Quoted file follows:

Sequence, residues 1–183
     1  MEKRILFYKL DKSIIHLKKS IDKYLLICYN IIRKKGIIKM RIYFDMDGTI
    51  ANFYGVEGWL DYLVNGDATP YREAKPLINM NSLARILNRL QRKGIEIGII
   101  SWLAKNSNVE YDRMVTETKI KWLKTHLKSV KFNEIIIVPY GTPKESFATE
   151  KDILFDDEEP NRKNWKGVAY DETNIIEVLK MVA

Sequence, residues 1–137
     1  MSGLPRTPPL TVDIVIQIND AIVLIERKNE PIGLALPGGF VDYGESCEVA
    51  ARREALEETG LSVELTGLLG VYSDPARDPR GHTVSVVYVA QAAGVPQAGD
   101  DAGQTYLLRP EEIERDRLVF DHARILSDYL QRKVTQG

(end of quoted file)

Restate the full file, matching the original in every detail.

Sequence, residues 1–183
     1  MEKRILFYKL DKSIIHLKKS IDKYLLICYN IIRKKGIIKM RIYFDMDGTI
    51  ANFYGVEGWL DYLVNGDATP YREAKPLINM NSLARILNRL QRKGIEIGII
   101  SWLAKNSNVE YDRMVTETKI KWLKTHLKSV KFNEIIIVPY GTPKESFATE
   151  KDILFDDEEP NRKNWKGVAY DETNIIEVLK MVA

Sequence, residues 1–137
     1  MSGLPRTPPL TVDIVIQIND AIVLIERKNE PIGLALPGGF VDYGESCEVA
    51  ARREALEETG LSVELTGLLG VYSDPARDPR GHTVSVVYVA QAAGVPQAGD
   101  DAGQTYLLRP EEIERDRLVF DHARILSDYL QRKVTQG